thePacketGeek

a developing networker

OnePK – Connecting to a Network Element

18 Nov 2014 » Coding, Networking
This entry is part 2 of 5 in the series Getting started with Cisco OnePK

The first step in managing your network with Cisco’s OnePK is learning how to connect to a switch or router, what Cisco calls a Network Element. In the early OnePK days this was a very straightforward task using vanilla TCP but in the newest version of OnePK (1.3) and IOS (15.4), unencrypted communications were disabled and we are forced to use TLS. This makes sense from a network security point-of-view; it just makes it a little more difficult to get started.

Fortunately, amongst Cisco’s vast resources I found a document that helps outline a process that makes it easier to use TLS between our OnePK apps and Cisco IOS devices. The guide uses a technique called TLS pinning which allows our OnePK app to bypass certificates but still encrypt communications via TLS. Read more about this technique here: Cisco – TLS Pinning Guide. (Please note that this should not be used for production as it does not verify the endpoints. Certificates should be used for TLS in a production network.)

Configuring the IOS device for OnePK

Before the Cisco IOS device will accept OnePK connections, you will need to add at least one username (privilege level 15) and enable the onep service. The disable-remotecert-validation keyword is required for the TLS pinning mentioned above:

HostName(config)# username [username] privilege-level 15 secret [secret]
HostName(config)# onep
HostName(config-onep)#transport type tls disable-remotecert-validation

Using TSL Pinning in a python Script

With the TLS Pinning Guide above, our initial connect script will look something like this:

# Import the onePK Libraries  
from onep.element.NetworkElement import NetworkElement  
from onep.element.SessionConfig import SessionConfig
from onep.core.util import tlspinning  
from onep.interfaces import InterfaceFilter 
  
# TLS Connection (This is the TLS Pinning Handler)  
class PinningHandler(tlspinning.TLSUnverifiedElementHandler):  
    def __init__(self, pinning_file):  
        self.pinning_file = pinning_file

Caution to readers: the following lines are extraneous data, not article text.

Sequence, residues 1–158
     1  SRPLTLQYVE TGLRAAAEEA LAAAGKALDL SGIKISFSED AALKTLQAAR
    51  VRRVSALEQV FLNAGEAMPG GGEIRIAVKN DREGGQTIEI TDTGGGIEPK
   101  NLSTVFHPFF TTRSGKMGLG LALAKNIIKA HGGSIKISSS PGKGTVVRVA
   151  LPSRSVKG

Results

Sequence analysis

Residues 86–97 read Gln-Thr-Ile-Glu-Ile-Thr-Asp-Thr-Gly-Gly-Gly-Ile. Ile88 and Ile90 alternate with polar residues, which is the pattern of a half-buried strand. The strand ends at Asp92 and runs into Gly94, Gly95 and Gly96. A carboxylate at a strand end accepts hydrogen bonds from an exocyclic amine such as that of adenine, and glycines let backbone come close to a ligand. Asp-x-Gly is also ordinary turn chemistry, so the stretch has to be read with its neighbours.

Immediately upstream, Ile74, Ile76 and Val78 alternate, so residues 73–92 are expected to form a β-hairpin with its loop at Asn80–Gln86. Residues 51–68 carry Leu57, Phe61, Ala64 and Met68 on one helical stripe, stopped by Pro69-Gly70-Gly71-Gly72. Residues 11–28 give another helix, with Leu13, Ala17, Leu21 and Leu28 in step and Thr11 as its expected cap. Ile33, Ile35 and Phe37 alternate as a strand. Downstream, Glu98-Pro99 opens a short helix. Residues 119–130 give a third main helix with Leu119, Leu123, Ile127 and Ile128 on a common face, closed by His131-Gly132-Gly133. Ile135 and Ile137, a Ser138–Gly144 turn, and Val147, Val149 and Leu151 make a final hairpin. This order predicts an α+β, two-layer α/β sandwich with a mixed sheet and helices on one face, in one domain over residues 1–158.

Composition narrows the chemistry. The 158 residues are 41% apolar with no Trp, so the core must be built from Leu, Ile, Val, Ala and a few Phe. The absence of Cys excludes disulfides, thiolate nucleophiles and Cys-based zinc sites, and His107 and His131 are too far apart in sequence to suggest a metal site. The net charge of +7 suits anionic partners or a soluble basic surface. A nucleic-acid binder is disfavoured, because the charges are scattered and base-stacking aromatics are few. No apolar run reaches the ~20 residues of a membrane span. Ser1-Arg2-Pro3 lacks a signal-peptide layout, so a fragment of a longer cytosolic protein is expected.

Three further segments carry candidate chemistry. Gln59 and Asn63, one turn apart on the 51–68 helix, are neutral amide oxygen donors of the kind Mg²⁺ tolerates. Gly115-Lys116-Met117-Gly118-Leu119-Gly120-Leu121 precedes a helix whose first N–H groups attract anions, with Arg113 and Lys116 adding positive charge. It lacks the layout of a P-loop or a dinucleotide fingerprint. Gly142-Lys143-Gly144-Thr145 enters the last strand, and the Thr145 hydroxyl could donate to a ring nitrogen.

def handle_verify(self, host, hashtype, finger_print, changed):  
        return tlspinning.DecisionType.ACCEPT_ONCE  
  
# Setup a connection config with TSL pinning handler
config = SessionConfig(None)  
config.set_tls_pinning('', PinningHandler(''))  
config.transportMode = SessionConfig.SessionTransportMode.TLS  

# Connection to my onePK enabled Network Element  
ne = NetworkElement('1.1.1.1', 'App_Name')  
ne.connect('username', 'password', config)  

# Print the information of the Network Element  
print ne

# Finally have the application disconnect from the Network Element  
ne.disconnect()

This script will connect to the network device 1.1.1.1 and print out details about the Network Element, with similar output to what’s below (I’m using a CSR-1000v hosted locally on my laptop):

NetworkElement [ 1.1.1.1 ]
	Product ID   : CSR1000V
	Processor    : VXE
	Serial No    : 9KAAAAAAAA
	sysName      : CSR1
	sysUpTime    : 42135
	sysDescr     : Cisco IOS Software, CSR1000V Software (X86_64_LINUX_IOSD-UNIVERSALK9-M), Version 15.4(2)S, RELEASE SOFTWARE (fc2)
Technical Support: http://www.cisco.com/techsupport
Copyright (c) 1986-2014 by Cisco Systems, Inc.
Compiled Wed 26-Mar-14 21:09 by mcpre

 Simplifying the OnePK Connection

With the OnePK connection code in a python script/app, it isn’t too much of a pain to type this in once, but what about using python in interactive mode for testing and OnePK discovery?  I’ve created a single python file that you can use as a module to quickly connect to IOS devices for testing so you don’t have to copy paste this code all the time. If you download the onep_connect.py file from my OnePK example GitHub repo here, you can save that to the local folder with your scripts or where you’re running python/iPython from. With the file ready locally, the script above becomes as straightforward as this example:

from onep_connect import connect

ne = connect('1.1.1.1', 'username', 'password')
print ne
ne.disconnect()

Much better, right?

Disconnecting from the Network Element

The onep connection to the network element is stateful and the IOS device will keep track of the connection. If you forget to run the .disconnect() method when you are finished with the connection, you may see the following error if you try to connect again:

OnepDuplicateElementException: Error occurred in the operation.  Duplicate IP address.

If this happens, don’t panic. You can login to the CLI of the IOS device and execute the `onep stop session all` to clear the onep sessions, or specify a certain application with the `onep stop session [app_name]` command.

Now that we know how to connect to a Cisco IOS device with OnePK, tune in for more articles about how to get information from your network devices and eventually, how to interact with them and make config changes.